This is a pocket size half frame 35mm camera which I’ve owned for quite a long time but only recently got round to looking at. In fact, although it was described as being in ‘good condition’, when I received it I found the front lens assembly was unscrewed, the shutter didn’t work and the aperture blades were frozen.
This weekend however, I was sorting through some of my boxes of camera bits and pieces and I rediscovered it in it’s very worn leather pouch and decided to see what was wrong with it.
The first thing to do was fit the screws holding the lens unit to the camera body. These are located in the film chamber and as can be seen from the pictures above, I couldn’t find enough of the right size to fit. They should ideally be matt black in colour but I could only find 3 chrome screws of the right size so I fitted them for the moment to get the lens in place. Once they were in the shutter button started to work as well so that was two fixes in one go.
Next I looked at the aperture and why it wouldn’t stop down. At first I though it might be because the selenium cell was too old to supply any current, but after I took the top lid off the camera I could see that the meter needle was responding to light and when the shutter button was pressed the mechanism which rises and ‘traps’ the meter needle also worked.
For a while I couldn’t see why the aperture blades wouldn’t work and assumed they must just be stuck with dirt and old grease. Sure enough, when I got a pair of tweezers and pulled on the lever which I guessed must operate the aperture, I found the blades opened, and from then on the aperture has responded properly to light.
The two remaining problems are that the light seals need replacing (which is true of almost all vintage cameras), and the red low light warning flag and shutter lock doesn’t seem to be working. That could also be to do with dirt and grease, so I will probably need to do some more cleaning work later.
I think I paid about £8 for this camera about 18 months ago. For a while they seemed to go up in price and were fetching quite high prices, but that seems to have subsided a bit now and they are back down to around £10 – £15 for a working unit.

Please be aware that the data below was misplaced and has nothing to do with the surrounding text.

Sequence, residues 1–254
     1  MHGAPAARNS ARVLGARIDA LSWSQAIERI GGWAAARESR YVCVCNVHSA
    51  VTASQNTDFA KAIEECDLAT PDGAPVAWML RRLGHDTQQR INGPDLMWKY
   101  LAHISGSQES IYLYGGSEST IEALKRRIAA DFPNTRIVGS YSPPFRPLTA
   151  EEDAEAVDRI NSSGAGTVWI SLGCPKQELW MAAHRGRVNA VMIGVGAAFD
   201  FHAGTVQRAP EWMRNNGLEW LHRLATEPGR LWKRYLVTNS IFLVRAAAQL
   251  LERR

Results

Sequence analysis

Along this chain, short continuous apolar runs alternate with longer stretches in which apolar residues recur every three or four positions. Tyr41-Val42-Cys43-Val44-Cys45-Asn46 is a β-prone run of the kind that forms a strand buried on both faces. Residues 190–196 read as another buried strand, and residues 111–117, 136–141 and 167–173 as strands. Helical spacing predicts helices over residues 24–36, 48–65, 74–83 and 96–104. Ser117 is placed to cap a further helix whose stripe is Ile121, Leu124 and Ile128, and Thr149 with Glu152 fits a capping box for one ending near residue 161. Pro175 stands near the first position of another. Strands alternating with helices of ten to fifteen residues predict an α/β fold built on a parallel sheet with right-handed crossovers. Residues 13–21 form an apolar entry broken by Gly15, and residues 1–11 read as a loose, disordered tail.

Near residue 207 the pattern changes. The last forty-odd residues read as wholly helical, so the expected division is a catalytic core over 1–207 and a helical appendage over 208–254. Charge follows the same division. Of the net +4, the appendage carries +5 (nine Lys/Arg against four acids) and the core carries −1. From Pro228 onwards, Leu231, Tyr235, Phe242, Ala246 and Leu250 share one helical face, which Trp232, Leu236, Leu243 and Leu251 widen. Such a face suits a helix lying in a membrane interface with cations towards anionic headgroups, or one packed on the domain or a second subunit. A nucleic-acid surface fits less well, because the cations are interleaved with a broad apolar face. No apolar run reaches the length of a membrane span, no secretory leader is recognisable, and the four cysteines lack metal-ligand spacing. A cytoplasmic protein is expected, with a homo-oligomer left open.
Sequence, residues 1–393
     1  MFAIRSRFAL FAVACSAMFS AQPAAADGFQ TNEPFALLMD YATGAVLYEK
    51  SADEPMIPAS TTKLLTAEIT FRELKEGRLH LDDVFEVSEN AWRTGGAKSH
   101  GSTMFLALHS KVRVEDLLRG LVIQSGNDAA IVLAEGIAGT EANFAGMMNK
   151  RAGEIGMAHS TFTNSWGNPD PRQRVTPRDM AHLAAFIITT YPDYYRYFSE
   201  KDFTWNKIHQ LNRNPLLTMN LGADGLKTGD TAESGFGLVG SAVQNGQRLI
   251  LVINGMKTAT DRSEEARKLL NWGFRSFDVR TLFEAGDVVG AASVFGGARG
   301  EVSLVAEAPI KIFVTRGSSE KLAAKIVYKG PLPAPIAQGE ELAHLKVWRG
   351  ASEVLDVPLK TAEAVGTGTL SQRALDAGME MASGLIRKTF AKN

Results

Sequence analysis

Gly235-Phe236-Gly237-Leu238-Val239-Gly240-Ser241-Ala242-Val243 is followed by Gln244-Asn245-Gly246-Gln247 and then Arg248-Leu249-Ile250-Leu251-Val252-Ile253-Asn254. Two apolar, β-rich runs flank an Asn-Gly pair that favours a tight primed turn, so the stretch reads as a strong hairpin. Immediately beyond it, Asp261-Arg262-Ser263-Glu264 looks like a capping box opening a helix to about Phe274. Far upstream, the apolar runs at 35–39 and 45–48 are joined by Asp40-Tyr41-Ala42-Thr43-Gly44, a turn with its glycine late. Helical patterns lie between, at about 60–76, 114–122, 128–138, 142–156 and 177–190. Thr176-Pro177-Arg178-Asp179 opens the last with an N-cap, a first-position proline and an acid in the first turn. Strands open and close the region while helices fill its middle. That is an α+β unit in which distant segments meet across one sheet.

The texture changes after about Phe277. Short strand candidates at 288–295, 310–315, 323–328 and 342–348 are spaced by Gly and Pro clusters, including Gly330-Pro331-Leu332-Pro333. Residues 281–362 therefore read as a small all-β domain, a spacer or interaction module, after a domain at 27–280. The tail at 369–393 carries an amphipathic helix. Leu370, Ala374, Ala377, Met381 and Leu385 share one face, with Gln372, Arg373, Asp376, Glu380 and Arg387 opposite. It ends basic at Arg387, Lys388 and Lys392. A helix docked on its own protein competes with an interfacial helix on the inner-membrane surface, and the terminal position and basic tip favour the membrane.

Olympus Pen-EE2 Description.
As I said in the opening sentence of this post this camera is a half frame camera, meaning that the negative produced is 24mm x 18mm rather than the usual 24mm x 36mm. That is to say in the space of a normal full frame 35mm negative this camera will fit two negatives. The negatives produces are portrait orientation rather than the usual landscape orientation, so to take a landscape picture the camera needs to be held upright. This was done to enable more pictures to be taken on a roll of film, so for a 24 exposure roll you will get up to 48 pictures and a 36 exposure roll will give 72 pictures.
The camera is incredibly small and easy to operate. There are no batteries and to use the camera in automatic mode is simply a question of setting the film speed on the dial which surrounds the lens. Once that is done the camera is all set up to go – there is no focus adjustment because the camera is designed to keep everything from about 1.5 meters to infinity in focus. The exposure setting will be automatic, and there is a red flag and shutter lock which stops you taking pictures if there isn’t enough light (not working on my copy).
There is a manual setting available for the lens aperture, which is on the same dial as the film speed, but on the opposite side. I read the handbook for the camera and it suggested that the exposure was still fully automatic when the aperture is selected in this way, but I don’t think that is true. There are only two shutter speeds available, 1/40sec and 1/200 sec so I can’t see there is enough range to cover f/3.5 to f/22 and any light range. I think in fact, the aperture settings are for use with a flash gun.
All in all this is quite nice now it had been mostly repaired.
- Olympus Pen EE-2 half frame 35mm viewfinder camera
- 1/40 & 1/200 shutter speed automatically selected
- Automatic exposure
- Light cell fitted round the lens
- Zuiko 28mm f/3.5 lens
- Hot shoe with x sync + x sync socket
- Tripod mount on base
- ISO range 25-400
- Bright viewfinder with framing lines
- Portrait orientation pictures
- Ser No: 3136144